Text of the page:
Sketch 2 Available Now

The highly anticipated 2.0 refresh of the popular Mac design app Sketch has officially landed and is available for immediate download.

We announced its “coming soon” a few weeks ago, and now Sketch 2 brings a whole new interface and a plethora of amazing new features, making it a very feasible alternative for designers looking to replace Adobe apps altogether, or at least break things up a bit.

It’s no secret that Photoshop was never really meant to be a design app—it is called Photo-shop, after all. If you need to edit photos, it’s hard to beat, but using it for design purposes can, at times, feel a bit like cutting your lawn with a great pair of scissors. Sure, it’s an awesome tool, and you’ll get the job done (someday). Hey, you’d probably even get pretty good at it, eventually. But is it really the best way to tackle that job?

With Sketch 2 the good folks at Bohemian Coding have set out to make the tool designers really need, without bogging things down with the stuff they don’t.

Here’s the app description straight from the Sketch 2 team:

Sketch is a professional drawing app for designers with a beautiful interface and powerful tools. Making good graphics can be challenging and you need an application specifically designed for this purpose. We set out to build a better app for graphic designers. Not to copy, but rather to improve.

Sketch has excellent vector tools and the basic shapes are a great starting point for any drawing, whether you want to do web design, icon design or otherwise. Styling your layers is easy in Sketch and we have all the options you might want; multiple fills, gradients, noise, blending blur and more.
To top of it off Sketch has the best boolean operations for combining multiple shapes into more complex ones – all of this non-destructive.

All of this power is beautifully contained into Sketch’s single-window interface. Everything is there, but only when you need it. A simple interface with seriously powerful tools; everything is possible.

Take a look at the screenshots to see some examples of what you can make with Sketch.

– Simple but powerful interface, built for OS X
– Powerful styling; multiple fills, gradients, shadows, blending, blur, noise and more…
– Flexible boolean operations for combining basic shapes into complex ones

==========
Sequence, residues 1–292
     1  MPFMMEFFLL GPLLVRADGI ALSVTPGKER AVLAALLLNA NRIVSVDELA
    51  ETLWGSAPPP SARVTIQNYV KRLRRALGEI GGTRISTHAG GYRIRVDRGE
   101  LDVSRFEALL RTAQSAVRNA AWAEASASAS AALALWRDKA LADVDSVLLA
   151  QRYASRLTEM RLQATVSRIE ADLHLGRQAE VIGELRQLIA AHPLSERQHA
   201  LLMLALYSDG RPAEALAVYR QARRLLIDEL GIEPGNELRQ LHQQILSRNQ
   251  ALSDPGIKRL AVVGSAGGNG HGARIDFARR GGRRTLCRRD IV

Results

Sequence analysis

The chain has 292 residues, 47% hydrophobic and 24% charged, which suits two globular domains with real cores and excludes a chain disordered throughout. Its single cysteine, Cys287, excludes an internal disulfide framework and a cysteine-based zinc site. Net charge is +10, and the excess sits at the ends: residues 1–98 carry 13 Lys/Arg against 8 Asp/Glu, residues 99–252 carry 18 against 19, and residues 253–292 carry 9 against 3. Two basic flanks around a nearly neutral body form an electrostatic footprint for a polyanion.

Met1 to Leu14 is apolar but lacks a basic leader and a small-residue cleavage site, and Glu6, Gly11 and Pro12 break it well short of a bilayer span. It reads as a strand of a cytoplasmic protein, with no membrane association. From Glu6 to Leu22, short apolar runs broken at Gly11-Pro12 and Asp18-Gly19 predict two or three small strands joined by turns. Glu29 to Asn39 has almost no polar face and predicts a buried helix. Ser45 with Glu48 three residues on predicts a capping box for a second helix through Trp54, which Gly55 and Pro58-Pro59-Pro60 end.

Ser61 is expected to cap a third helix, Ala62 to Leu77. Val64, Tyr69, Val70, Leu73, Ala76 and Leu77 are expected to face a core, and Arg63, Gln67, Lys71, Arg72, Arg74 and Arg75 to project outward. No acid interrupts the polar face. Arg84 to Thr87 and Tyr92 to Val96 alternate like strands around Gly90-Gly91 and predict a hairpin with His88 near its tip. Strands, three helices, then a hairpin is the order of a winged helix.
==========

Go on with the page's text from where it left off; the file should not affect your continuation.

– Artboards and Slices for exporting multiple images out of a single document
– Unique Color (with RGB and HSB modes) and Font pickers
– Beautiful native text rendering and text styles
– Vector and pixel zoom; zoom in with infinite precision or see individual pixels
– Multi-stop and radial gradients editing right in the canvas
– Shared & Linked styles that automatically update each other
– Powerful but easy to use Vector Tool

Additionally, if you’re looking to do either of the following, Sketch has something for you:

– Copy CSS Styles (including gradients)
– Slices: export area of the canvas as an image
– 960px (and others) grid
– Multiple pages support inside a single document

– Artboards; each size its own square
– Templates
– Pixel Grid
– Pixel Effects such as Gaussian and Motion Blur

As a designer myself, I’m going to legitimately give Sketch 2 a shot as a primary design environment for a bit, to see if the awesome illustration and UI design tools can prove worthy enough to replace my beloved Creative Suite on a regular basis.

To be fair, I’m actually pretty pleased (as a general rule) with Adobe apps, or at least more-so than your typical designer, but with a free 15-day trial, there’s no reason anyone shouldn’t at least give it a fair shake.

Emanuel Sá and the rest of the team at Bohemian Coding have provided us with a copy of Sketch 2, so expect an upcoming review. Not to mention, a few promo codes, so expect a giveaway!

You can download a trial version direct from Bohemian Coding, or better yet, buy it now in the Mac App Store. If you’re already a Sketch user, Sketch 2 is a free update, so hop to it.

Jumpstarting a Design Community

Understand Your Compensation

Designer Monoculture

The State of Design Leadership

The Science of Product Design

Interview with Michael Flarup: Co-Founder and Lead Designer at Robocat

The Importance of Design Conventions